Having had a week away, I went straight to the hospital on my return yesterday (incredibly grateful that I was back on home soil, Dad hadn’t died while I was away and that my brother had come down to support Mum in my absence) and was gob smacked by how exhausted both my parents looked. It was only a week since they were walking the dog on the beach in the sun – not that you’d have thought as much if you’d seen them. I felt a huge responsibility, not that I could have done anything differently, but I felt like I’d left them to deal with things, and they looked like they’d paid the price for that.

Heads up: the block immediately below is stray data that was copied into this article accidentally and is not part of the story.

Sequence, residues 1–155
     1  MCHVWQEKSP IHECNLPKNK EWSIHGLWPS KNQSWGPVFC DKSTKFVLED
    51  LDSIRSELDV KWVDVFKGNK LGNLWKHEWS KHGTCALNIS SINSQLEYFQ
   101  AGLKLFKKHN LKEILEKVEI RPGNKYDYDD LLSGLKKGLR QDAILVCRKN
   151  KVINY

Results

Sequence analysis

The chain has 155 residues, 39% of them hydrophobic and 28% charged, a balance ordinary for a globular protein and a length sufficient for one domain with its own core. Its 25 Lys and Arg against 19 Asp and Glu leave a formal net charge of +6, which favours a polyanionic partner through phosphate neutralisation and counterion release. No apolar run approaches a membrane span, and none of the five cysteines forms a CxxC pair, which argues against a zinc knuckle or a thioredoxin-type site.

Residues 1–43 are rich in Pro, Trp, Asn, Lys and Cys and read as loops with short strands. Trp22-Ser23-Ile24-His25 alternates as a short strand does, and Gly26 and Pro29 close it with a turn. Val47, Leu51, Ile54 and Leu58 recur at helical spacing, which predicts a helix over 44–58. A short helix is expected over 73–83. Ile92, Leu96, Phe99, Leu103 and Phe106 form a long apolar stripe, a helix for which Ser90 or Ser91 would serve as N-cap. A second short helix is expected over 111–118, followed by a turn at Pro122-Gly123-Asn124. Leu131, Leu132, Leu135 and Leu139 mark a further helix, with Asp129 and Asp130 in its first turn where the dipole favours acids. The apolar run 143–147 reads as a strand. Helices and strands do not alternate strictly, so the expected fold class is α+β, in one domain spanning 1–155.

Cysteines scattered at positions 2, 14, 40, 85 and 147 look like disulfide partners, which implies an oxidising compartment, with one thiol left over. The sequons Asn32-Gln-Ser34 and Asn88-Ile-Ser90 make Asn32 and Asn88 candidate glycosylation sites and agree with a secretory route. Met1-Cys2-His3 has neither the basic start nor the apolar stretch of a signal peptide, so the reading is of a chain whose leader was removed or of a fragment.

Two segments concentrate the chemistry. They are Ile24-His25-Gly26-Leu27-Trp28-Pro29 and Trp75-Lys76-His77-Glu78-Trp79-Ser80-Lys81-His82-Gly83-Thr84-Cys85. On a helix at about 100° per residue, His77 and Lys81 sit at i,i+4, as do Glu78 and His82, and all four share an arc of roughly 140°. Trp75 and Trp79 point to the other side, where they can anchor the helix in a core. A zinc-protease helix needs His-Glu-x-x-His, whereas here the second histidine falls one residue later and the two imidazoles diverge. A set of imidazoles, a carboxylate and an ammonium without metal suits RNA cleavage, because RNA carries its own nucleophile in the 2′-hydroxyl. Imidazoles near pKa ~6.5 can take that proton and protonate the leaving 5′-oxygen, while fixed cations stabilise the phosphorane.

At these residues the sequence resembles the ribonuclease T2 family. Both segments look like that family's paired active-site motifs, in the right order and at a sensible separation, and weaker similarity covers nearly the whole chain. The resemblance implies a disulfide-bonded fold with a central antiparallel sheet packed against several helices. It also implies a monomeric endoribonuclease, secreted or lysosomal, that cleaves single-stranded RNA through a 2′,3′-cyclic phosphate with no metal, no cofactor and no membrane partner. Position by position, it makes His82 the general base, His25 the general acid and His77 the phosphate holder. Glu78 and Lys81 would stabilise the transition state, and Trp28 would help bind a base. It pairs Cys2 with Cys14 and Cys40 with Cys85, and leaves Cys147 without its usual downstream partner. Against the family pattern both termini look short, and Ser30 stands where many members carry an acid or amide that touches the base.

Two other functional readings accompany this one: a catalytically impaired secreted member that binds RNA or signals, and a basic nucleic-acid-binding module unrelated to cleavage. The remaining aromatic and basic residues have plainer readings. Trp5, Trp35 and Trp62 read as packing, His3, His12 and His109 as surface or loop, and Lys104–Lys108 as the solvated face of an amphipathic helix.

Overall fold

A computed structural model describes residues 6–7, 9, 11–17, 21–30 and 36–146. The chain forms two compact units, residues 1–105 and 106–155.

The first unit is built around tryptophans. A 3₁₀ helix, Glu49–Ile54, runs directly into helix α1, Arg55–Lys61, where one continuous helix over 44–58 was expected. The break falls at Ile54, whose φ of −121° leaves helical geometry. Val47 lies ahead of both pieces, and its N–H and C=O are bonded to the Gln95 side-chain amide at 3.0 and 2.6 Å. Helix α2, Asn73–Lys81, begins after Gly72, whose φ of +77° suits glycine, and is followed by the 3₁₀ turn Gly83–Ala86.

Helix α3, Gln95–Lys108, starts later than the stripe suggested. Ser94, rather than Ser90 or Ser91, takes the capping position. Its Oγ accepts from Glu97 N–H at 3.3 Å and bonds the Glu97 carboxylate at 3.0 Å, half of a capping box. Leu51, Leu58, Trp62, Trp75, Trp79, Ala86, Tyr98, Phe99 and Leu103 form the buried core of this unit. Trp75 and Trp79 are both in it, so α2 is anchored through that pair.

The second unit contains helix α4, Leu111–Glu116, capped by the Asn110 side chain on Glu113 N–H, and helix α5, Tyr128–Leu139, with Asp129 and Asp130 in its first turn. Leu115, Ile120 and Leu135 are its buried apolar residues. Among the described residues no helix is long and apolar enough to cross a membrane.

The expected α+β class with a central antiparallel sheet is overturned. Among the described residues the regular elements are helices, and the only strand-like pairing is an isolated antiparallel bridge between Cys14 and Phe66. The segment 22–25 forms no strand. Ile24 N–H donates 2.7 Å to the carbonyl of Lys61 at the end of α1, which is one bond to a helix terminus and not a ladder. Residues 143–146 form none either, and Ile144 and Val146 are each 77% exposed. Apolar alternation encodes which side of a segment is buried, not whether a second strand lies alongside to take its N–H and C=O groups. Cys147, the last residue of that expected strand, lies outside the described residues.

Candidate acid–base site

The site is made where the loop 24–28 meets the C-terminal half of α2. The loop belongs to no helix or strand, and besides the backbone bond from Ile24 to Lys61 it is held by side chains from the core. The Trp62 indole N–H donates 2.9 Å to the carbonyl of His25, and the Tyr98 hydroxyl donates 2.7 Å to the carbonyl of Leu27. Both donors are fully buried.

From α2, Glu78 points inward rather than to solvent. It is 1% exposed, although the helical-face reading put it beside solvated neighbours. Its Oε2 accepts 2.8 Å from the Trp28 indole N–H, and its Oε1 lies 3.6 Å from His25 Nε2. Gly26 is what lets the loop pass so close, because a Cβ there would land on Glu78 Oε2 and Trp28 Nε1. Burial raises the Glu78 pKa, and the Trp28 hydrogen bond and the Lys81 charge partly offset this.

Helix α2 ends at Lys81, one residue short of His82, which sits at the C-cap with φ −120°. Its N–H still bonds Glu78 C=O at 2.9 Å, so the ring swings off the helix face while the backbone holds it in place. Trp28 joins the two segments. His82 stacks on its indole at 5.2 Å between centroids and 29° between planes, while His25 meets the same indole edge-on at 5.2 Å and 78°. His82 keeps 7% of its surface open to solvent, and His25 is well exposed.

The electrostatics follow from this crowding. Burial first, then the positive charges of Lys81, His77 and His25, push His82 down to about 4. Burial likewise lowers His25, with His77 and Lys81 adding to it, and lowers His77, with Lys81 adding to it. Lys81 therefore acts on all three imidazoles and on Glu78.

Just about the only thing that is clear this evening is that the bed Dad had in the local hospital was needed for someone else, he was growing increasingly agitated and exhausted with trying to understand the system/decisions/information, and he was being discharged irrespective of the knowns or unknowns. It’s been quite an immersion, not that I ever really escaped it on my week away, but it’s a real reality check as I sit on their sofa banging the keys trying to make sense of it, or share the lack of sense in it with you (assuming as the eternal optimist I am that someone has read this far), and think about how all encompassing living with not knowing is. There are so many unknowns and so little certainty, the immediate reflection is that it can feel overwhelming at times. It’s like a constant faulty rollercoaster ride that you can’t get off, occasionally it slows, in fact sometimes it stops just long enough for you to feel rational/balanced/normal again then it’s like it flies off again, throwing any sense of equilibrium out the side of the ride with you.